I arrived one balmy day in mid-July to start a week’s retreat at Schumacher College. I am rather embarrassed to admit I had not heard of Schumacher until a few months before, when a fortuitous meeting with its inspired founder Satish Kumar led me to sign up.
The college is set on the historic Dartington Estate in the South Hams in Devon, a gorgeous setting which features a spectacular forest which would become central to our retreat. The college offers a range of short courses as well as ecology-centred postgraduate and horticulture programmes to help people from all walks of life develop a deep, participatory relationship with nature.
With the rather lofty title of The Power of Ritual and the Poetry of Surrender, I had little idea of what the course would involve, so this was a genuine case of trust and surrender. I should have guessed from the packing list that it would involve a fair bit of time outdoors. I don’t even like camping, yet, within a couple of days, I found myself undertaking a solo night vigil in the forest – something that would have been unthinkable a week before.
Retreats are my favourite type of holiday, and are usually focused on yoga or detox, with five star as my default positioning. But this turned out to be the ultimate retreat. No yoga, no pampering, no five stars but, instead, an intense connection with nature and self.
Accommodation is monastic, with tiny, single rooms and shared bathrooms, but it is all spotlessly clean. They grow all their own vegetables, and these are served in abundance as vegetarian meals which were the most delicious I have ever tasted. Each day there is 30 minutes of well organised community service, where we helped to clear up after meals, cook or work in the gardens.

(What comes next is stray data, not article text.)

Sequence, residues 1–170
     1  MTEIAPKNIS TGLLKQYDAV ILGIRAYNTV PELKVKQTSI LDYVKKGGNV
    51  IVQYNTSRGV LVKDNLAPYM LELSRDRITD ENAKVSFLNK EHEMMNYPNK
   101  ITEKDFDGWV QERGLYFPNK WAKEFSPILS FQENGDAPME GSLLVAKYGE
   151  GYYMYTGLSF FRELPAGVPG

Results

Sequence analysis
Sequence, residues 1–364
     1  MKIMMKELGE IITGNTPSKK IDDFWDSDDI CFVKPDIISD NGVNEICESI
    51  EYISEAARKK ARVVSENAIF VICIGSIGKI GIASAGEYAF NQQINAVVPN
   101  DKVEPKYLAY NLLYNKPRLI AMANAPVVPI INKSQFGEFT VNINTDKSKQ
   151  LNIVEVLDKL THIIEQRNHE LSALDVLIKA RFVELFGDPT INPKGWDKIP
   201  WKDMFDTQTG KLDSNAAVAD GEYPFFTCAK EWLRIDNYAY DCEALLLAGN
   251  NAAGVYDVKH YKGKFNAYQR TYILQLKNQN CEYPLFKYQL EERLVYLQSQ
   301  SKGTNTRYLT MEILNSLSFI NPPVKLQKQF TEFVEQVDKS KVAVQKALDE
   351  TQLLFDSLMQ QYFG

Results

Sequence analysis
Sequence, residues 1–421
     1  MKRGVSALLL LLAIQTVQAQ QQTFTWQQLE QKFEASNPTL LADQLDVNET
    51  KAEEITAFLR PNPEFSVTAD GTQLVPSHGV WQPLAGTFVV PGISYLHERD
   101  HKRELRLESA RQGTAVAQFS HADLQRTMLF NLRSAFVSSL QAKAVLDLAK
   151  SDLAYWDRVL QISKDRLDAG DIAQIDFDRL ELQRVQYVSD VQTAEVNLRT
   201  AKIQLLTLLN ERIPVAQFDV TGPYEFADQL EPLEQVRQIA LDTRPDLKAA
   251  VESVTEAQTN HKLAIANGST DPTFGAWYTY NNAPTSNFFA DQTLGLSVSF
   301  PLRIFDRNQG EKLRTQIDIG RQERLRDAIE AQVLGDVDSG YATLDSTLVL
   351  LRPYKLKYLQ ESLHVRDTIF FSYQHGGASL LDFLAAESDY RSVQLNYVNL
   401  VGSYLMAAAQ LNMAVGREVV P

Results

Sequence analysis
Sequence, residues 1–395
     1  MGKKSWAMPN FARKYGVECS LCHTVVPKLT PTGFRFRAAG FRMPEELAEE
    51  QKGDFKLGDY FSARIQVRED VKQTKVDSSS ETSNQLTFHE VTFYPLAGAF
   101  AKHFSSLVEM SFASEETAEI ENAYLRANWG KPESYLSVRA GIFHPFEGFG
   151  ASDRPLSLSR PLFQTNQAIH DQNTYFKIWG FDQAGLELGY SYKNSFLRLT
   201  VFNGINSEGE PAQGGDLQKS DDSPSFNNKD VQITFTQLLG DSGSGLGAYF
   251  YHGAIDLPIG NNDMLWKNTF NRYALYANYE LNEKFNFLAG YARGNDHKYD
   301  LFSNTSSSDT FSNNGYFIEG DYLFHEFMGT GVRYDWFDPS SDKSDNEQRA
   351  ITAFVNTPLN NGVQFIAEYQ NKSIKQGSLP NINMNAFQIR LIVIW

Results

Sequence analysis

The small class setting and experiential learning aim to provide practical skills and strategic thinking to face the multiple challenges of the future of our planet. Highlights were the sessions with the founder, Satish Kumar, a former monk who walked around the world for peace in the 1970s and is the long-standing editor of Resurgence magazine. Way ahead of his time, he’s now in his 80s, but has more energy than most people half his age. He focused particularly on one solution for change – how we need to lead much simpler lives. It’s described beautifully in his latest book, Elegant Simplicity.
The specifics of the course remain private to our tight group of 18 participants of all ages and of multiple nationalities. Suffice to say, it was profound and life changing to each of us in different ways. I came away with a much deeper appreciation that we are totally interconnected to our natural world, and that without this innate understanding, it is difficult to appreciate the scale of crisis now facing us. Several times each day, I now feel humanity viewing the planet as an unlimited resource with little regard for consequence. It has forced me and in turn try and influence my family, friends and colleagues to understand this connection, and with no more excuses, to make many drastic changes to live more sustainably.
So for many of us who are trying to make sense of this ecological crisis, maybe a good place to start is by gaining a deeper sense of ourselves and how we fit into the natural world. As such, I would encourage exploring a Schumacher course as a proactive step. You will find answers that will surprise you. Stop feeling depressed about what is happening to our planet, and go to Schumacher and get inspired for change and the part you can play.